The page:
Moralizing the Corporation
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Moralizing the Corporation

Transnational Activism and Corporate Accountability

Boris Holzer

This insightful book examines how transnational corporations respond to the challenges of anti-corporate activism and political consumerism. In prominent cases involving major corporations such as Nestlé, Nike and Royal Dutch/Shell, transnational activists have successfully mobilized public opinion and consumers against alleged corporate misdemeanours. Campaigns and boycott calls can harm a corporation’s image but, as this book points out, public scrutiny also gives corporations the opportunity to present themselves as responsible and accountable corporate citizens who subscribe to the very norms and values propagated by the activists.
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Chapter 5: Mobilizing the Consumer

Boris Holzer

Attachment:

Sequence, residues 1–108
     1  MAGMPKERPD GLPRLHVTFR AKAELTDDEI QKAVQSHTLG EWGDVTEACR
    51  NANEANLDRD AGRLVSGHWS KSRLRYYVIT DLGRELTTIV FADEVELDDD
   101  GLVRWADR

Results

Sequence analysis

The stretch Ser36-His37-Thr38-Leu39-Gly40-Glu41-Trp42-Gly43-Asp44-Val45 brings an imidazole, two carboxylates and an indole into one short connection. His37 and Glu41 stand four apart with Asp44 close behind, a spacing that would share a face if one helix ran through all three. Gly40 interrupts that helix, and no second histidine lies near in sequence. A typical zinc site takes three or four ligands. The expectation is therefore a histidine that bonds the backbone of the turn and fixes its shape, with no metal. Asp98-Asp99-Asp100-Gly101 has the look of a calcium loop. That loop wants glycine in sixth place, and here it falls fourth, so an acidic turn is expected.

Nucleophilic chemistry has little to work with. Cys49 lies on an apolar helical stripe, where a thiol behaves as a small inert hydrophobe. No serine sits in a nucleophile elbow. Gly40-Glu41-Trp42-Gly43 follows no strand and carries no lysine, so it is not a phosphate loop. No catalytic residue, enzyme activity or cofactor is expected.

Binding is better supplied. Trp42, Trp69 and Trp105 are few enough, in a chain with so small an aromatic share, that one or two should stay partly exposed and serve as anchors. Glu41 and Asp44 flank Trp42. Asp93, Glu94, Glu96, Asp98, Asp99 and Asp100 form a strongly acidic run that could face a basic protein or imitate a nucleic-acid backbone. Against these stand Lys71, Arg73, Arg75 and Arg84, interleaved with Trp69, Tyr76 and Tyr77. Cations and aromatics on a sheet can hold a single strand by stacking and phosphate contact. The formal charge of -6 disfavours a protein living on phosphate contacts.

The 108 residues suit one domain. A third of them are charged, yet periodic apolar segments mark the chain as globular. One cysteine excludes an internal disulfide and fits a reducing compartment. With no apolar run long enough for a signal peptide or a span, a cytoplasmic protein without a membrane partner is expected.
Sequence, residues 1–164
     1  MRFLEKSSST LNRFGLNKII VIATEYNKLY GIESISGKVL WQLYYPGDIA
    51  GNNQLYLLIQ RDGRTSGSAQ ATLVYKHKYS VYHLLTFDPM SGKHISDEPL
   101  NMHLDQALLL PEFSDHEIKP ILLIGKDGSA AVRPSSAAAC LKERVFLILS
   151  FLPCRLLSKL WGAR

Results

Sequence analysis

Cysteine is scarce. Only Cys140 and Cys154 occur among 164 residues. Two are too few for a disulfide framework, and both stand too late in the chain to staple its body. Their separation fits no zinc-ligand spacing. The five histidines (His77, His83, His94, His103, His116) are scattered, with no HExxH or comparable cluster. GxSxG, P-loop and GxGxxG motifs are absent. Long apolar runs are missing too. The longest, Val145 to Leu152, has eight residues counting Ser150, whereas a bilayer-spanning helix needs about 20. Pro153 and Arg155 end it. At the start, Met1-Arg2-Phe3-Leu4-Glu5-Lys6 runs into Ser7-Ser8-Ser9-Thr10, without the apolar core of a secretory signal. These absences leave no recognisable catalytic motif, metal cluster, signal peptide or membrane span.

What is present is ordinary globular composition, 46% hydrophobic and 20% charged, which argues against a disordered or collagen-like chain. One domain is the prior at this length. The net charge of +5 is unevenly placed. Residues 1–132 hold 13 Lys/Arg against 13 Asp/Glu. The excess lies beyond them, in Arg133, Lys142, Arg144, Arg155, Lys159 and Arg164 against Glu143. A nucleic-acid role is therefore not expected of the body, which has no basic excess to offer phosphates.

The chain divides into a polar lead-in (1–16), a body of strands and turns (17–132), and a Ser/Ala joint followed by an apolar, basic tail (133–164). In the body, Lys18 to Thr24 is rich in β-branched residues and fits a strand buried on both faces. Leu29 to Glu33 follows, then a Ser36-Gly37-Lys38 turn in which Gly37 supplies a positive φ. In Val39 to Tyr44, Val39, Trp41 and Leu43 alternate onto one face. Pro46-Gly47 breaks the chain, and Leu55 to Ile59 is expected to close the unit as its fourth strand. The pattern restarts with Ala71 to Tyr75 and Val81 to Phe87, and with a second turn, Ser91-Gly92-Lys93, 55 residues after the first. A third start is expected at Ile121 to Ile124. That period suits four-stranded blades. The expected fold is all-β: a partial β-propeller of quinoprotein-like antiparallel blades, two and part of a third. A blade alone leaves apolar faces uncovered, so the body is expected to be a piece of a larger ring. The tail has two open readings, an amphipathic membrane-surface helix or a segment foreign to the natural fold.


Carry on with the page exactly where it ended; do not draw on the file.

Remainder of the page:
Transnational advocacy groups ‘frame’ transnational corporations (TNCs) for their alleged misdemeanours because they need targets they can address their claims to. Even if the underlying problems are complex, protest needs to attribute the responsibility to someone: ‘Wholesale critique has no consequences. Protest needs addressees’ (Luhmann 1975, p. 19, trans. B.H.). The claims of transnational activists are therefore directed at those who can influence corporate decision making: governments and consumers. Legislation is of course the most powerful tool to regulate corporate behaviour. But many activists have little trust in the state’s ability to control large corporations (cf. Korten 1995; Monbiot 2000). Their campaigns therefore often rely on consumers, rather than on the supposedly powerless governments, to put pressure on the corporations. It is easy to understand how corporations may become targets of transnational activism. Their decisions and operations are frequently associated with human rights problems and environmental problems. And in contrast to abstract entities like ‘the economy’ they can be challenged and held accountable. In particular, TNCs’ efforts at building ‘global brands’ provide a fertile ground for anti-corporate protest. Anti-corporate transnational activism regularly targets a global company’s most valuable asset: its brand and public image. Global brands like Shell, Nike and McDonald’s are bound up with the companies’ respective reputations, which are seen as major assets in competitive markets.1 Activists have not failed to notice that the endeavours of TNCs to build a ‘corporate image’ make them more susceptible to bad publicity. Obviously the globalization of brands has an ironic consequence:...

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